The first one is in the books, and it was everything Aggies fans had hoped for in Jimbo Fisher’s debut. Record-setting performances in a convincing 59-7 victory over Northwestern State hopefully set the tone for a new era in Texas A&M football.
But the 24-hour rule is in effect, and I can assure you that Fisher, who became the first Aggies head coach to win his initial game in College Station since Dennis Franchione (2003), has already turned his attention to Clemson. Talk about your opposite ends of the spectrum.
It was a smart move to schedule the Tigers after the Demons rather than the other way around. Thursday’s dress rehearsal should at least give the Aggies an air of confidence as the national spotlight shines on Kyle Field for next Saturday’s game with the Tigers.
A word of caution, though: Just as the performance against Northwestern State should not be looked at as a gauge on which to measure the Aggies football program, neither should the upcoming performance against Clemson. By the time Fisher’s groundbreaking contract is up a decade from now, the Clemson game, like the Northwestern State game, will be long forgotten and more of a footnote to his body of work in College Station than the title of it.
The Aggies will assuredly go into the game as prohibitive underdogs against a program that has made it to the College Football Playoffs the last three years. Clemson is where the Aggies hope to be with Fisher one day. Clemson supplanted Fisher’s Florida State program as the top dog in the ACC.
Fisher is 4-4 vs. Clemson, having lost the last three meetings with the Tigers. Not many people are giving him much of a chance to end that streak this year despite his overwhelmingly successful debut in College Station.
No, just as the Northwestern State game should be filed into context, so must the Clemson game be viewed for what it is: a continuation of the process. It can be easy to overlook that when you score 59 points in your opener, the most by a Texas A&M team to start a season since 1997 (59-6 over Sam Houston State).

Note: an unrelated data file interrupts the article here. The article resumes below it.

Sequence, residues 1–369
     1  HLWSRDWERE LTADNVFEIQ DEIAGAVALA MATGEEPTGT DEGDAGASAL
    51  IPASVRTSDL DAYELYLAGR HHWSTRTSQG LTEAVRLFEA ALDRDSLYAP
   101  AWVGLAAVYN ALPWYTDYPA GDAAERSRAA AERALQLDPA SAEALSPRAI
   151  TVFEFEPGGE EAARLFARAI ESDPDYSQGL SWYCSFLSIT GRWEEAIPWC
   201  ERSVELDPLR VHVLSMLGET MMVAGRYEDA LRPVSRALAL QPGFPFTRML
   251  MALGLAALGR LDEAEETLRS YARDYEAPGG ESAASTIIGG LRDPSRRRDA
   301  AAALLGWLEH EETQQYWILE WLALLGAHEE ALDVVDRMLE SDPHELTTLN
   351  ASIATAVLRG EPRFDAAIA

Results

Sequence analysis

Expectations can become unrealistic in a hurry, especially after a performance like the Aggies turned in Thursday. But nobody should expect Texas A&M, or any team for that matter, to pile up a program-record and SEC record-tying (Vanderbilt vs. Davidson, 1969) 40 first downs, as the Aggies did on Thursday, nor should anyone even consider the possibility that they will rack up 758 yards of total offense, the second most in program history (774 vs. Louisiana-Lafayette, 1990) and sixth most all-time by any SEC team in a single game.
No, Fisher is wise enough to know that next Saturday’s game will serve as little more than another opportunity to continue to implement his system, so that down the road in games like these of national importance, the Aggies become part of that conversation.
That’s not to say that Fisher won’t do his best to put his team in position to be successful. Quite the opposite. But that said, look for the Aggies to remain somewhat basic and vanilla, especially with the SEC opener with Alabama on the schedule just two weeks ahead.